Big Shed Budget Travel Thursday, Jul 12, 2007, 11:00 AM The award-winning Swiss architecture firm Herzog and de Meuron gave the Laban contemporary dance school an innovative, low-slung design. Clad in layers of glass, white panels, and colored polycarbonate sheets, the building nicely echoes the look of other "sheds" in London's industrial outskirts. (Photo: Will Pryce) Budget Travel LLC, 2016
 

BIG SHED

Big Shed

Source Article: A New Breed of Buildings
The award-winning Swiss architecture firm Herzog and de Meuron gave the Laban contemporary dance school an innovative, low-slung design. Clad in layers of glass, white panels, and colored polycarbonate sheets, the building nicely echoes the look of other "sheds" in London's industrial outskirts. (Photo: Will Pryce)
Expo Station links Changi Airport with the city-state of Singapore. Its futuristic design includes circular titanium canopies, which shelter waiting passengers. The station remains on the cutting edge of design, even though it was built in 2000. (Photo: Will Pryce)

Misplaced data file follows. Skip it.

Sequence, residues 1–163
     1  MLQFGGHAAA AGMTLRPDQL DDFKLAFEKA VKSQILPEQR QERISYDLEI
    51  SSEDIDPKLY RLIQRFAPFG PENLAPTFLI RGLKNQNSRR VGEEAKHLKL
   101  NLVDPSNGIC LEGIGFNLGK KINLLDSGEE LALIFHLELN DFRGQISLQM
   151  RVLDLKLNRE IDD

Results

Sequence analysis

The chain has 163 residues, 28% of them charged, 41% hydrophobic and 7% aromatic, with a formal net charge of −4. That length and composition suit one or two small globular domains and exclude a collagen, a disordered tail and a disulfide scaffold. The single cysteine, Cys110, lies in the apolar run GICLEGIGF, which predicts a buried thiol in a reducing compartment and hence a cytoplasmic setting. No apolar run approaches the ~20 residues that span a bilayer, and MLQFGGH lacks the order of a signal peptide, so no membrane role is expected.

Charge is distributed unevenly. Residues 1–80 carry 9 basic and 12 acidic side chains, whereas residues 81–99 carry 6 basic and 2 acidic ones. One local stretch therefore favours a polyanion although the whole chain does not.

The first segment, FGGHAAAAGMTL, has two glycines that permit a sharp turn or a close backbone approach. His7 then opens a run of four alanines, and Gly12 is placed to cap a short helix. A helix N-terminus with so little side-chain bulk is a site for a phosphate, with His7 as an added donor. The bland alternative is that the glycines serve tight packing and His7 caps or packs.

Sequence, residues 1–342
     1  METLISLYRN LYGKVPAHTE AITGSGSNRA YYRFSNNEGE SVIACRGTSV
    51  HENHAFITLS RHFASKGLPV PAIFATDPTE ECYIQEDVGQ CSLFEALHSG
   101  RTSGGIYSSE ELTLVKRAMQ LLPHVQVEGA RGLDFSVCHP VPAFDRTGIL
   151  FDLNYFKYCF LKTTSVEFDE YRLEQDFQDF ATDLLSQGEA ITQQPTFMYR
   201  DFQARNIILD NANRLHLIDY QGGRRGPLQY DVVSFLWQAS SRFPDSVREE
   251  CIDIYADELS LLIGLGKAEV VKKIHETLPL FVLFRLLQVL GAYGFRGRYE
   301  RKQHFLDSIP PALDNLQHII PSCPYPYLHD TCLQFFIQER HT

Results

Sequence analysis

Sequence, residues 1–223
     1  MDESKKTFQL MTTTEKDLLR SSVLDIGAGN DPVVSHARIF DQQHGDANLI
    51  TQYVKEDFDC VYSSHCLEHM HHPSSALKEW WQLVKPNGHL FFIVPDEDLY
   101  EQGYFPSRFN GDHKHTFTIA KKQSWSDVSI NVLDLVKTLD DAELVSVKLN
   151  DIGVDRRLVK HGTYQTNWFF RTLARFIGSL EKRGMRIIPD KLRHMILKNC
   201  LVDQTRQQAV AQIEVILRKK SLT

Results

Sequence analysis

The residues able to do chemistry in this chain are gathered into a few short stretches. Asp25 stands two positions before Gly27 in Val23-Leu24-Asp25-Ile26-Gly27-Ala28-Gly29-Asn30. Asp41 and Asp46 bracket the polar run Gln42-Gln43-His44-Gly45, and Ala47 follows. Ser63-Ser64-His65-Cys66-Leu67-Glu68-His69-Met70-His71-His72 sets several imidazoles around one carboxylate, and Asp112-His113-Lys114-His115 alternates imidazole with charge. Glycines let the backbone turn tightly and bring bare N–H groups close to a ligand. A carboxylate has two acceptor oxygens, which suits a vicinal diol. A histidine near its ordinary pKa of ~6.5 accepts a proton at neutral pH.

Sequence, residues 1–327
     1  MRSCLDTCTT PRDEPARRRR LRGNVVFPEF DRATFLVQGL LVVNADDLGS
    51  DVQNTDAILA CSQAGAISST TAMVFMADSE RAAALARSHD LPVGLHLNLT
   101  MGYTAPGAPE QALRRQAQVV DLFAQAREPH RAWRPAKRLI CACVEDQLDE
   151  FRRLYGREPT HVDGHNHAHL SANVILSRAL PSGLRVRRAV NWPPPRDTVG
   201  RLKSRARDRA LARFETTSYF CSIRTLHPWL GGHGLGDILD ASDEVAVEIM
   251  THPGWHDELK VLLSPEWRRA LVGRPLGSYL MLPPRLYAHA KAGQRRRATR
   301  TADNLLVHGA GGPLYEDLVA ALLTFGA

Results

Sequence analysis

Paris's Pompidou Center is a cutting edge contemporary art museum with radical modernist features, including an exposed skeleton of colorful pipes and tubing. Architects Renzo Piano and Richard Rogers wanted the structure to leap out from its surrounding 19th-century cityscape. Every year, more than six million people visit. (Photo: Will Pryce)
Built in preparation for the 2000 Olympics in Sydney, Australia, the Olympic Park Railway station currently handles up to 50,000 people per hour. The station's steel-folded vault is often likened to a caterpillar or a giant work of origami. (Photo: Will Pryce)
The Guggenheim Museum in Bilbao, Spain connects sculptural fragments of reflective titanium to create a luminous façade. Architect Frank Gehry intended for his building to boost the profile of Spain's fourth-largest city. He succeeded. In the museum's first two years of operation, it pulled in over $170 million from visitors. (Photo: Will Pryce)
Built in 1996, the Tokyo International Forum serves as a convention center. Innovative engineering supports the enormous glass facade of this $1.5-billion building. Notably, its top-heavy design is rare for earthquake-prone Tokyo. (Photo: Will Pryce)
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